Most of the poem reflects all of these things. First one should be aware that Ginsberg was Jewish; his friend and confidant Kerouac was Roman Catholic. One of their favorite places to go, before they started to travel around the world, was New York City - particularly Greenwich Village. In other works Ginsberg addresses the culture of San Francisco and Mexicali. Ginsberg also makes it clear that he is a homosexual and often finds himself in situations that he might not otherwise.
"I saw the best minds of my generation destroyed by madness, starving hysterical naked,dragging themselves through the negro streets at dawn looking for an angry fix, angelheaded hipsters burning for the ancient heavenly connection to the starry dynamo in the machinery of night"
"... who studied Plotinus Poe St. John of the Cross telepathy and bop kabbalah because the cosmos instinctively vibrated at their feet in Kansas, who loned it through the streets of Idaho seeking visionary indian angels who were visionary indian angels, who thought they were only mad when Baltimore gleamed in supernatural ecstasy, who jumped in limousines with the Chinaman of Oklahoma on the impulse of winter midnight streetlight smalltown rain, who lounged hungry and lonesome through Houston seeking jazz or sex or soup, and followed the brilliant Spaniard to converse about America and Eternity, a hopeless task, and so took ship to Africa"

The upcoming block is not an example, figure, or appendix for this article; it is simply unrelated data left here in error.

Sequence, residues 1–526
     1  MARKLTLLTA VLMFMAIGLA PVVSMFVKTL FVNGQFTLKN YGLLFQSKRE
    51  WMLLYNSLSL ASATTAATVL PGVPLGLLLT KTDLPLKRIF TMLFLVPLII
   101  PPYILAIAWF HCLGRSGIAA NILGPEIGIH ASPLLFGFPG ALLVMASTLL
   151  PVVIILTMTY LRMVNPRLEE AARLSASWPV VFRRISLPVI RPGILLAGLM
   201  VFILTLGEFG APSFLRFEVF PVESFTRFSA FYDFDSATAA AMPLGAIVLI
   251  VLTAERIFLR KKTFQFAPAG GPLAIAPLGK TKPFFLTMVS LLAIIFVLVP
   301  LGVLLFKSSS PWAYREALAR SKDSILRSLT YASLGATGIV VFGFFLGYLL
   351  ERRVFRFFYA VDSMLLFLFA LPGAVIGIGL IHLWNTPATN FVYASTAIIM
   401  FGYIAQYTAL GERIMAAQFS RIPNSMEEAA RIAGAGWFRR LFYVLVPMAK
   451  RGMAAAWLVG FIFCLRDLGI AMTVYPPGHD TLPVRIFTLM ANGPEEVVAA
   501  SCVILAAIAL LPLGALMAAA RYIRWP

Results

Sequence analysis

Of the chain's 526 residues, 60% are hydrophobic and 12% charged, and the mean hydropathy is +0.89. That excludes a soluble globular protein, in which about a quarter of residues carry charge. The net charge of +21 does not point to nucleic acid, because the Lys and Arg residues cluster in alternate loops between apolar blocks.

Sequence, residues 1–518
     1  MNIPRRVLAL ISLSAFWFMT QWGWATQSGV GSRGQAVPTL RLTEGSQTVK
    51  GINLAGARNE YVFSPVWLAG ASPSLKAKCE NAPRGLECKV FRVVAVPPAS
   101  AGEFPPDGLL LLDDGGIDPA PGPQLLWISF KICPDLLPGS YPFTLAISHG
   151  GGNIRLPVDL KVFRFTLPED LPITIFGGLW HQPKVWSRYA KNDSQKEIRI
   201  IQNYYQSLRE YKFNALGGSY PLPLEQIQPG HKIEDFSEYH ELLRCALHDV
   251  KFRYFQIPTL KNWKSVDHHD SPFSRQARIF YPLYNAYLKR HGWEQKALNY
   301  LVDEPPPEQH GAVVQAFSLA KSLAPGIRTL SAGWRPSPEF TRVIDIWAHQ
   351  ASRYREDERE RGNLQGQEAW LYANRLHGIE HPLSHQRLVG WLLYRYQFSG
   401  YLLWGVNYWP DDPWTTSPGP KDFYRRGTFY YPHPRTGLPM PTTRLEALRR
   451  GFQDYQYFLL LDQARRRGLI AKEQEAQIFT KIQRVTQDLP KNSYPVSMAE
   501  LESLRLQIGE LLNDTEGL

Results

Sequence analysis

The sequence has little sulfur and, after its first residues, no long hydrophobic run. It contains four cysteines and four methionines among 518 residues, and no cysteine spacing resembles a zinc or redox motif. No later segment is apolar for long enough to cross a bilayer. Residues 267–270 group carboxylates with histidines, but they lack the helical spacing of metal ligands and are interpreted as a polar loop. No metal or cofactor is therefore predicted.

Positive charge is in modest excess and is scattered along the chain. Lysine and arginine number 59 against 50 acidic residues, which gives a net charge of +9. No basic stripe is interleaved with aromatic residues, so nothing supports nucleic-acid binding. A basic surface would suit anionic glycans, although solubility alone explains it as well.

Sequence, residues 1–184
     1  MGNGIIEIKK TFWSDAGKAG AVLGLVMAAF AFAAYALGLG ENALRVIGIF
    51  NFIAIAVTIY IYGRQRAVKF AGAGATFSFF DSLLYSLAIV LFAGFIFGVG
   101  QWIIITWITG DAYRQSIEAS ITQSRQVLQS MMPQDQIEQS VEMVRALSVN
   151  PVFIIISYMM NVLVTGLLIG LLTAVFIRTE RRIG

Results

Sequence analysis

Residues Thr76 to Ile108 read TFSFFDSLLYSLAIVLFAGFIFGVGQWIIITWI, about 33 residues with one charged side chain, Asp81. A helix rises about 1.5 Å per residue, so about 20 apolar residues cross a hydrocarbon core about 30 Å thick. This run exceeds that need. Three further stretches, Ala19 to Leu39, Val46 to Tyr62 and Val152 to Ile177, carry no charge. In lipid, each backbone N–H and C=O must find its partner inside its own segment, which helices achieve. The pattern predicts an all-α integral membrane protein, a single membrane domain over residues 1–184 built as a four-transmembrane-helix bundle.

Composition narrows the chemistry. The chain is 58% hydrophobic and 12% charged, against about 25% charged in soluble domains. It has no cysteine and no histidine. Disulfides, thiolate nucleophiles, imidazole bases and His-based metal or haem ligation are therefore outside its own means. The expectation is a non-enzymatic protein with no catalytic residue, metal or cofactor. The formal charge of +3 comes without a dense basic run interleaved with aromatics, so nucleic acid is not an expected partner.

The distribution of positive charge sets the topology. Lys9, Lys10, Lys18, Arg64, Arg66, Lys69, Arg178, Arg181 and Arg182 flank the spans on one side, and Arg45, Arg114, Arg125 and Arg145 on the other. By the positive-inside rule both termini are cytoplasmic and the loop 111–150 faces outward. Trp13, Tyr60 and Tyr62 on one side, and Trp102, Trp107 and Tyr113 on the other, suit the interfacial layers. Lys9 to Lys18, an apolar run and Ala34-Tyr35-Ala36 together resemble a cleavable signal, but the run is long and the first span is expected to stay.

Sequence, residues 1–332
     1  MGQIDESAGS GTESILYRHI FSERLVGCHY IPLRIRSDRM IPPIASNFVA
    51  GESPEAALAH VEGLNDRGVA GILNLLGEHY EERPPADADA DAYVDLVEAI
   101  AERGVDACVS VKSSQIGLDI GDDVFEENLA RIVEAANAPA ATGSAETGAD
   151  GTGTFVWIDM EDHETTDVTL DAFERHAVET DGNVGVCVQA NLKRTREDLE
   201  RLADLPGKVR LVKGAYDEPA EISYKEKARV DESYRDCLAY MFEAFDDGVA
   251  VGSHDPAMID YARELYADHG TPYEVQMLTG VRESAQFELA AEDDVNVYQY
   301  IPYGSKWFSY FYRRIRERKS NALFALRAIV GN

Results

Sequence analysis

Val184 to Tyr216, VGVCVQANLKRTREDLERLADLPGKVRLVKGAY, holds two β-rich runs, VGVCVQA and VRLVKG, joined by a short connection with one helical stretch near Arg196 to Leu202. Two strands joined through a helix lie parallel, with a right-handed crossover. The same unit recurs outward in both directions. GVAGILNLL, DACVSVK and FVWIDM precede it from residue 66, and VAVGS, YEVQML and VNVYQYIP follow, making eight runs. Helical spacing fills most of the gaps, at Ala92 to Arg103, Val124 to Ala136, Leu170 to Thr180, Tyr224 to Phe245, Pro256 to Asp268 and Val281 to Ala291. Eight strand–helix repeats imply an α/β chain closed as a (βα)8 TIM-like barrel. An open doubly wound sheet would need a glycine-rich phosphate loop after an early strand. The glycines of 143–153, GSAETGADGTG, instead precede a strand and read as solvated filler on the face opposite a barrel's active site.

You may also like to refer to all of Part 3 in which Ginsberg talks about his stint at Rockwell, a true occurrence.